Collectively, these cardiac quality measures make up a cardiology-focus score, which we weighted as 15% of the overall grade.

Rewarding stand-out care, based on federal data

We returned to the federal CMS quality scores – initially used to cull the list of candidate facilities – to award the remaining portion of the overall score.

Specifically, we extracted from the federal data each hospital's patient experience score. This metric gauges patients’ self-reported satisfaction with factors such as how well their doctors and nurses communicated with them, and whether their bathroom was clean and their room quiet at night.

In terms of quality (as defined above), we gave preference to hospitals that received five stars from CMS.

These scores constitute the remaining 15% of a hospital’s overall score.

Measuring price transparency

The ability to accurately know in advance what a procedure or visit will cost you is vital to avoiding surprises and accurately planning the costs of a hospital stay.

As an additional criterion to help you choose the right hospital, Money developed a price transparency grade for each hospital we ranked. This financial metric is unweighted and is separate from a hospital's overall grade or position on our rankings.

After consulting healthcare data experts at Denniston and the nonprofit RAND Health Care, Money analyzed the extent to which a hospital’s publicly listed prices (known as chargemaster prices) accurately align with the revenue the hospital receives from patients or Medicare. In effect, we wanted to know: Is the listed price similar to the amount that you’re billed after you’re discharged?

We used two ratios to measure this. The first compares the hospital's chargemaster prices and its gross patient revenue, whether paid by uninsured patients or insurance companies; the second ratio is between the gross billed amount and the total amount approved by Medicare. Weighted equally, these ratios were standardized on a 100-point scale and translated into a letter grade based on the same ranges as listed above for the CRS.

The result: our Price Transparency measure. The lower a hospital’s grade on this measure, the wider the gap between its list prices and what patients have actually paid; the higher the grade, the smaller the difference between the facility’s public prices and the actual bills it issues.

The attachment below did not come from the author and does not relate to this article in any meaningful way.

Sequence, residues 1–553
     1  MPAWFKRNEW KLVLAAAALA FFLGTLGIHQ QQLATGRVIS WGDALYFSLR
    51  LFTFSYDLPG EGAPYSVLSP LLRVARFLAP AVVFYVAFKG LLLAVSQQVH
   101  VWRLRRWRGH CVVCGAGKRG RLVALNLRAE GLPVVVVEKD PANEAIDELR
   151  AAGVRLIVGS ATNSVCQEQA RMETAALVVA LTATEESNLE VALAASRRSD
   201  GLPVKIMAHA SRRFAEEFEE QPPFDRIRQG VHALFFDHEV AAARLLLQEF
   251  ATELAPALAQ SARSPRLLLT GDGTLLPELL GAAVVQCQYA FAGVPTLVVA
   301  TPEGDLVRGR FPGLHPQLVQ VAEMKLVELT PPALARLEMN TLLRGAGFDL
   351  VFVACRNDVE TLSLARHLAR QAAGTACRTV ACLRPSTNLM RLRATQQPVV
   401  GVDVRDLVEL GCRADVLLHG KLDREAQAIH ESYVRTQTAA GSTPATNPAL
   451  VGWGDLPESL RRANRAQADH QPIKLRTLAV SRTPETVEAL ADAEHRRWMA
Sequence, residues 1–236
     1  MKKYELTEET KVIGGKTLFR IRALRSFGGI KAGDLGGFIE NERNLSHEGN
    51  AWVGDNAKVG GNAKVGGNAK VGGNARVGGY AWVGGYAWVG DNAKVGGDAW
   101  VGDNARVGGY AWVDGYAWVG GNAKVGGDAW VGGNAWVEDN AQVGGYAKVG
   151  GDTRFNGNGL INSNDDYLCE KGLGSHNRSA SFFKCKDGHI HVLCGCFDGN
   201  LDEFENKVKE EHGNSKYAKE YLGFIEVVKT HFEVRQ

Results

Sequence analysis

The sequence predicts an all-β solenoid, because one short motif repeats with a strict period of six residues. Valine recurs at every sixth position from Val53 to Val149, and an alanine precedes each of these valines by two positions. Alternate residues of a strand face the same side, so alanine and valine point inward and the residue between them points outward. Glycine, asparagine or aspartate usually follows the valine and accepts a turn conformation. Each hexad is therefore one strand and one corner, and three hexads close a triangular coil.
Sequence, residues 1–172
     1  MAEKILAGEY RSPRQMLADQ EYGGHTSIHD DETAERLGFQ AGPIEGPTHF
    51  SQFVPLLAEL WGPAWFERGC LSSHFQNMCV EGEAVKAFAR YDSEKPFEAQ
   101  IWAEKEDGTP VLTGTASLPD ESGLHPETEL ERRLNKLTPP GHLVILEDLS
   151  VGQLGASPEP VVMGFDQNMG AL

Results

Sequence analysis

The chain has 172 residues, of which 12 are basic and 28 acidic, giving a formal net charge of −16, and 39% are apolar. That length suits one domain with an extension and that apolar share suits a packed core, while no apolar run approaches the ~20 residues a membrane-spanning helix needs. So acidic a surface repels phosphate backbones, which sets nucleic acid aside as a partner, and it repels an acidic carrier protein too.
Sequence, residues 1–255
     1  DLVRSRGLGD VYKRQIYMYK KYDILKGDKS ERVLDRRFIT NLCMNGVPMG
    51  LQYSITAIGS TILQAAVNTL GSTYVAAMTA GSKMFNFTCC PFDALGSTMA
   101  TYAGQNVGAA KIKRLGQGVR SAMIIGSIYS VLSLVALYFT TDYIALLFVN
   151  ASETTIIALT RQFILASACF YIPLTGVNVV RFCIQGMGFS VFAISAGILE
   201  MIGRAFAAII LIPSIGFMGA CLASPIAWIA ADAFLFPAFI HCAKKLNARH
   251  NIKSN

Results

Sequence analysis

In almost all cases, patients pay less — and often far less — than the publicly listed prices. While this practice is technically discounting, the reality is that many hospitals publicly listed exorbitant chargemaster prices that then get negotiated down by insurers, the federal government or the patients themselves behind closed doors, thus obfuscating what hospital care truly costs and keeping prices high overall.

Keep in mind that the price transparency grade does not necessarily mean that a hospital with a B+ is cheaper than the hospital with a C. Rather, it means its publicly listed prices are more accurate, which can better help you financially prepare for your stay.

Vetting the top-scoring hospitals

Not every drawback to a hospital will emerge within the data we analyzed. So Money also individually vetted the list of top-rated hospitals for any red flags that transcend the numbers we crunched.

As a result, we purged from the list several hospitals at which patient care had been compromised in a manner that suggested underlying issues in the facility. These trouble signs included upheld complaints of sexual assault, racial discrimination, unnecessary treatment and/or malpractice.

The result is the top 75-rated hospitals for quality cardiac care, handpicked by Money’s editorial staff.

Data sources: Denniston Data Inc; Definitive Healthcare
Supplementary data: Agency for Healthcare Research and Quality; American College of Cardiology; Centers for Medicare & Medicaid Services; RAND Health Care